Great Value Rioja Gran Reserva

Today’s Story: El Coto de Rioja

El Coto de Rioja was established in 1970 when they completed their first harvest in Rioja, however the winery was not completed until 1976 in Oyón of the Álava province. Rather quickly, El Coto de Rioja ramped up their commercial goals and throughout the 1980s laid the foundation for drastic increases in global exportation that occurred during the 1990s. By the mid-1990s, demand for the wines was nearly outpacing production so El Coto de Rioja expanded their original winery and became the leading brand in the Spanish market for Crianza and Reserva by 2000. In 2004, the estate’s Los Almendros vineyard (450 hectares) became the largest in Rioja and today the winery is the largest winegrower in the Denominación de Origen Rioja. In 2010, El Coto de Rioja started producing white wines which preceded, in 2014, the creation of a separate winery (still within the overall facility in Oyón) built exclusively to produce white wines.

As briefly mentioned, El Coto de Rioja is the largest winegrower in the Denominación de Origen Rioja with 730 hectares planted to vine. These vineyards are spread throughout the region, broken down into 8 separate “farms.” Maintaining their own estate vineyards is a crucial aspect of the winemaking process for El Coto de Rioja, for it helps them ensure a consistent quality across all the fruit. This mentality continues to the winery itself, which is organized as twelve “separate” wineries each designated to complete one step of the winemaking process. For example, there are separate buildings for production, blending, aging, bottling, and the finished product, all with optimized conditions for their tasks.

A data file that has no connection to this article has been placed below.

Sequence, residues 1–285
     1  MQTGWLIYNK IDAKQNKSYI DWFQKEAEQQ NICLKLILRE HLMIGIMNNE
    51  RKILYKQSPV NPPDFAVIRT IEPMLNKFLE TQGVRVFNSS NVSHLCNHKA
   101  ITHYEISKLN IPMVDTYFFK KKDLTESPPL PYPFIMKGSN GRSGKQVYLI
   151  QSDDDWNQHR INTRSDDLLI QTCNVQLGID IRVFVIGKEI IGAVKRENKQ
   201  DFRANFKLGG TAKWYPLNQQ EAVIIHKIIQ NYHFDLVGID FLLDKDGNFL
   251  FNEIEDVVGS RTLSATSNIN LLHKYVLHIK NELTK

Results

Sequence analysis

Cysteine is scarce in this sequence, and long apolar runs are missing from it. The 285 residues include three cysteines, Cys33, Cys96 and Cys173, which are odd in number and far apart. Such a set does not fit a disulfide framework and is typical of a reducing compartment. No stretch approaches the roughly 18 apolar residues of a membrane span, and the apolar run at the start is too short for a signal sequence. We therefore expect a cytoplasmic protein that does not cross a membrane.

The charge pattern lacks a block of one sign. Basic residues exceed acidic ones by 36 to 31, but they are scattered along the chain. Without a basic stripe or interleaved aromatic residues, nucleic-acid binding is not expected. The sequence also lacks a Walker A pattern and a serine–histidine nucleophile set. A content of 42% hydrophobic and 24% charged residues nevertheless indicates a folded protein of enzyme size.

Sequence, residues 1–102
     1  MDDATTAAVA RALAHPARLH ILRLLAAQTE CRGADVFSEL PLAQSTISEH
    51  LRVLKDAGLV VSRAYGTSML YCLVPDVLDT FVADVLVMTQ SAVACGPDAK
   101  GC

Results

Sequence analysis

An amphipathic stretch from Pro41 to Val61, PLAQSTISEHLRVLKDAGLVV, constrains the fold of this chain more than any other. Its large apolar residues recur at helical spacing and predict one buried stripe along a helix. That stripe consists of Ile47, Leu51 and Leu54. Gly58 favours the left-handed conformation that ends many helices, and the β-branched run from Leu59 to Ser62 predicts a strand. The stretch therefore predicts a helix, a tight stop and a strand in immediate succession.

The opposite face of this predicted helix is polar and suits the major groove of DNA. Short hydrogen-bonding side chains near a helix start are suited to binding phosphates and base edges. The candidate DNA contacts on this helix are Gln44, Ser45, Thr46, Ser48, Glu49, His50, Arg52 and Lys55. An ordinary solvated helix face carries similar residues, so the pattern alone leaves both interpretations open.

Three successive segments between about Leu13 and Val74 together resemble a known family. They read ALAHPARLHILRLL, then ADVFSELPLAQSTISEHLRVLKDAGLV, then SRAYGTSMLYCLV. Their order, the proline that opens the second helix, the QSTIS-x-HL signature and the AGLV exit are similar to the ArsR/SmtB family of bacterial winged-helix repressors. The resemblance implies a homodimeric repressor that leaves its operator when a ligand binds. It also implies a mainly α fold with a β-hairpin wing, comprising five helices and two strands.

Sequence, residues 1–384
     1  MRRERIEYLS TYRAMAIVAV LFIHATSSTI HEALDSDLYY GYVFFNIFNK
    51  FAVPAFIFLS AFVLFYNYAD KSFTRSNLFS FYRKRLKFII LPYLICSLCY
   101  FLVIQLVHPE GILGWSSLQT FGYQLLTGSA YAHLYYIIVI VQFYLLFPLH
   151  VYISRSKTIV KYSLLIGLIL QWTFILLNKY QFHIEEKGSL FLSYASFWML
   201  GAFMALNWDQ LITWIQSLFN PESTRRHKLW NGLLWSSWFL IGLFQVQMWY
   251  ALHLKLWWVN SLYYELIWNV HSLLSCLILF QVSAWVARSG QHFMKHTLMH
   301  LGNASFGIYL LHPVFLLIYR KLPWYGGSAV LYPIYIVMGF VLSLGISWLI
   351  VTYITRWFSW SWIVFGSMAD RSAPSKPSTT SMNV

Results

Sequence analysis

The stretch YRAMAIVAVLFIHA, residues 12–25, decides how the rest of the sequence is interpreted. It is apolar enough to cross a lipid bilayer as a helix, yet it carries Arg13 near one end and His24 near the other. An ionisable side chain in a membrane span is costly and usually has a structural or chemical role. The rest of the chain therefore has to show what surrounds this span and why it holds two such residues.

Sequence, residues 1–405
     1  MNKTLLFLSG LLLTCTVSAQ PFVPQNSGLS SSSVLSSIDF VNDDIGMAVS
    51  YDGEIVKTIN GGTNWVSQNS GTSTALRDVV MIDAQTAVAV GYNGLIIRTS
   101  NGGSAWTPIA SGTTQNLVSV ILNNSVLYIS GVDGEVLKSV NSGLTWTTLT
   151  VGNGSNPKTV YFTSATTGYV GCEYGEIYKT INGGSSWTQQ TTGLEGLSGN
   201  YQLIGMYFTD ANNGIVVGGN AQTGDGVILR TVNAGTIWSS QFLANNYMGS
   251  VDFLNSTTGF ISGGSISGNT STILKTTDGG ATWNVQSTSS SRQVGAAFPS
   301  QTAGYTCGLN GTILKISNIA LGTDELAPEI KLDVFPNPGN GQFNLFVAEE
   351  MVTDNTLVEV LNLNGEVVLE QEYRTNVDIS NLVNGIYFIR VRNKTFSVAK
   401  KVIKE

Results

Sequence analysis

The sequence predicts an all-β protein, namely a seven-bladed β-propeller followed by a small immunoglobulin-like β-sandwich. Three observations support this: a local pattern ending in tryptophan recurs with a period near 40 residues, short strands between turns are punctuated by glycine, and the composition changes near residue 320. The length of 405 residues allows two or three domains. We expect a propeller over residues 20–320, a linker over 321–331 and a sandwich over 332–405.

To learn more about the estate or to look through their portfolio of wines, check out the website here.

Today’s Wine: 2012 Coto de Imaz Rioja Gran Reserva

90% Tempranillo, 10% Graciano; 14.5% ABV

The 2012 Coto de Imaz Rioja Gran Reserva is opaque deep ruby/purple in color and nearly black at its core. I decanted this for 5 hours or so, tasting along the way, and it needed it. While initially the nose is dominated by oak, cinnamon, and vanilla, over time it develops to showcase black cherry, plum, cassis, tobacco, black tea, graphite, rocky mineral, and cedar. Moving to the palate, I get notes of tart cherry, blackberry, black raspberry, licorice, red florals, baking spice, iron, and oak. This is full-bodied with high acidity, grippy medium (+) tannins, and a medium (+) length finish.

Price: $30. I think this is a great value for Rioja, especially a Gran Reserva. This would be a great accessible wine for people trying to explore Rioja who may not be familiar with the region or the Tempranillo variety. Drinks beautifully now with some air, but plenty of gas left in the tank.

Easy to Find Everyday Rioja

Today’s Story: Bodegas Faustino

Bodegas Faustino is a large, family-owned winery established in 1861 by Eleuterio Martínez Arzok in Oyón, Spain. Eleuterio purchased the manor house and existing vineyards of the property with a plan of producing wine and ramping up bulk production and improving quality over time. Around 1920, Faustino Martínez Pérez de Albéniz helped reconstruct the vineyards (which were destroyed by phylloxera) and later took over. One of his major accomplishments was being the first to bottle the family’s wine. In 1957, the winery leadership transitioned to third-generation Julio Faustino Martínez who, during the 1960s, established the Faustino brand and was the first to create an international market for their wines. Today the brand’s wines can be found in over 70 countries and the Faustino I Rioja Gran Reserva accounts for over 30% of all Gran Reserva DOCa Rioja sold around the world.